2. English coal seams, however, were largely below the water table, causing a need for solutions to pump water from the coal mines even at depths that were difficult to reach with e.g. horse-powered pumps.

2a. For instance, Chinese coal seams were apparently mostly above the water table, and gas explosions were a much greater problem than flooding - which would've probably advocated against the use of "fire engines"

2b. In some other locations, geography may have favored other solutions to the drainage problem. For a very long time, the preferred method for mine drainage was to drive an "adit" to a nearby valley, whose floor was below the mine bottom, and let gravity do the job. Obviously, this was feasible only in mountainous locales.

3. At coal mines, fuel was practically free, and the humongously inefficient early engines could still be more profitable than existing solutions, namely horse-powered pumps.

Without the confluence of these factors, I doubt that atmospheric engines of any design would've been adopted until perhaps much later. And this would've set back the cumulation of the necessary experience and user base needed for further and well-known improvements in efficiency, which finally made steam engines valuable in locations where fuel wasn't practically free.

I did my Ph.D. thesis on the development and adoption of one radical innovation in the mining industry between 1900 and 1950. It was remarkable to me how often and how early breakthroughs were anticipated but not taken into use because there was no pressing economic rationale for that.

Murphy, J. P. (2012). Energy, mining, and the commercial success of the Newcomen “steam” engine [PhD thesis, Northeastern University]. https://doi.org/10.17760/d20002721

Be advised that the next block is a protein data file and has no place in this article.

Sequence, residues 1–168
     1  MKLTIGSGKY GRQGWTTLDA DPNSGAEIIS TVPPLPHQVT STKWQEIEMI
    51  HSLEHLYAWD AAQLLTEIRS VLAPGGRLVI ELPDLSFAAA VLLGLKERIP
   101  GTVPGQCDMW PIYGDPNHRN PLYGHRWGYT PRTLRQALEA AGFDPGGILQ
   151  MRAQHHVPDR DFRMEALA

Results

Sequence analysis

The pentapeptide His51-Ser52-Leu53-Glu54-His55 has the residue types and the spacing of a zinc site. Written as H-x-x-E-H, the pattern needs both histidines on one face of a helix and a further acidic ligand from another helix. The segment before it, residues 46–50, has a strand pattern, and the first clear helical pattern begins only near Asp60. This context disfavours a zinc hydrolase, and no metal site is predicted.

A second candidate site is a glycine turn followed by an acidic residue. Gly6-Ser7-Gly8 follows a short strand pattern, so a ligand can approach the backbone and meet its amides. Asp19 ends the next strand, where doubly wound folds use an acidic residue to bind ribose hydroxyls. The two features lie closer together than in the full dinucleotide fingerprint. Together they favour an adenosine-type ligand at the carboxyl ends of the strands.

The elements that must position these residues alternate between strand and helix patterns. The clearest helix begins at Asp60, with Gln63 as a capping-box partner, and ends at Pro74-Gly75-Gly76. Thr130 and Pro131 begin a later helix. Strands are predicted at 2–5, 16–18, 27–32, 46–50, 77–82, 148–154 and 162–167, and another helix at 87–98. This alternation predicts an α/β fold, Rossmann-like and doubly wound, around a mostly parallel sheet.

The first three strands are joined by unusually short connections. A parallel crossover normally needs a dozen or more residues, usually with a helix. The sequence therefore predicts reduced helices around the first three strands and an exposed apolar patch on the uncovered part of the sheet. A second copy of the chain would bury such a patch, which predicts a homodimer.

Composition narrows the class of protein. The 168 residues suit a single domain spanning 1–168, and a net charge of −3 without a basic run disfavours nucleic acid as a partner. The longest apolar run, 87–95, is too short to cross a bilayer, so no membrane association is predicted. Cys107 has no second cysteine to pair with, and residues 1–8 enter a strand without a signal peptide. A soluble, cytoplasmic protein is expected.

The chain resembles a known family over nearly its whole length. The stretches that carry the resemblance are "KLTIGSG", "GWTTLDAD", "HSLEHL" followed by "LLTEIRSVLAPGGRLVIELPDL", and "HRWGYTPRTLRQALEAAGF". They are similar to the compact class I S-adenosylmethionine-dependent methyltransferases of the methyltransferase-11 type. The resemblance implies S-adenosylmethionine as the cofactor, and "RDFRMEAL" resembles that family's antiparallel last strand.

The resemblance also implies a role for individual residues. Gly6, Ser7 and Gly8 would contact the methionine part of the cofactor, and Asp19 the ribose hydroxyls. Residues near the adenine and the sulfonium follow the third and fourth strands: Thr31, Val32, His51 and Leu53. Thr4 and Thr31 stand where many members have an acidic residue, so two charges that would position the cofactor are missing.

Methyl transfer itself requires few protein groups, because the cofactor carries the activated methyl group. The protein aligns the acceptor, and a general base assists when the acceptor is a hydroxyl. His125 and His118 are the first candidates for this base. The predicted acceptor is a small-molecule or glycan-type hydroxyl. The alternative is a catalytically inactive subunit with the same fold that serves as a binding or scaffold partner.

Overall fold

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Jul 12, 2023·edited Jul 12, 2023

Great series! One question that I had throughout, is why did a high-pressure steam engine did not emerge before an atmospheric one? On the face of it, it seems easier. A high-pressure engine does not require the assumption of vacuum or the weight of the atmosphere. The pushing power of steam must have been noticed many times casually when a sealed vessel was heated while the sucking power of the inverted flask is trickier to notice and reproduce (as you mention in one of the anecdotes).

One explanation I've heard is that lacking metallurgy (as a different comment mentioned), but that seems insufficient. After all Europe had cannons for a long time which require withstanding much higher pressures (and higher spikes of pressure). The pressure difference could also be made similar to a Newcomen engine or the Savery engine. After all, 1 atm below atmospheric pressure is about the same stresses as 1 atm above (and the Newcomen engine likely achieved only negative 0.5-0.75 atm inside the piston).

The best I could come up with is the problem of controlling the pressure. With an atmospheric engine, you cannot exceed 1atm negative pressure, while the pressure in a high-pressure engine is unbounded. While machining and machinery design were likely advanced enough to make the basic engine, control mechanism such as the centrifugal governor only preceded the Newcomen and Savery engines by about 50 years (according to Wiki). Still, feels a bit weak. There was quite advanced clockwork by the 1500s (not to mention the advanced clockwork in the ancient world and the east).

Is there something else about high pressure engines that makes them that much harder to invent the atmospheric engines?